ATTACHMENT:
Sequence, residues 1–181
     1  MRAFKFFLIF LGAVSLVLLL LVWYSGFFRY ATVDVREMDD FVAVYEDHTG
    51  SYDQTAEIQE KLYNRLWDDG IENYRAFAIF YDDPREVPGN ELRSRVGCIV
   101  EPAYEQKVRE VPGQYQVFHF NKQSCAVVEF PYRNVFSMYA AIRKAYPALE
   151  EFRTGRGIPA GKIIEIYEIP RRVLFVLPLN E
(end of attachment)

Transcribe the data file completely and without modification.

Sequence, residues 1–181
     1  MRAFKFFLIF LGAVSLVLLL LVWYSGFFRY ATVDVREMDD FVAVYEDHTG
    51  SYDQTAEIQE KLYNRLWDDG IENYRAFAIF YDDPREVPGN ELRSRVGCIV
   101  EPAYEQKVRE VPGQYQVFHF NKQSCAVVEF PYRNVFSMYA AIRKAYPALE
   151  EFRTGRGIPA GKIIEIYEIP RRVLFVLPLN E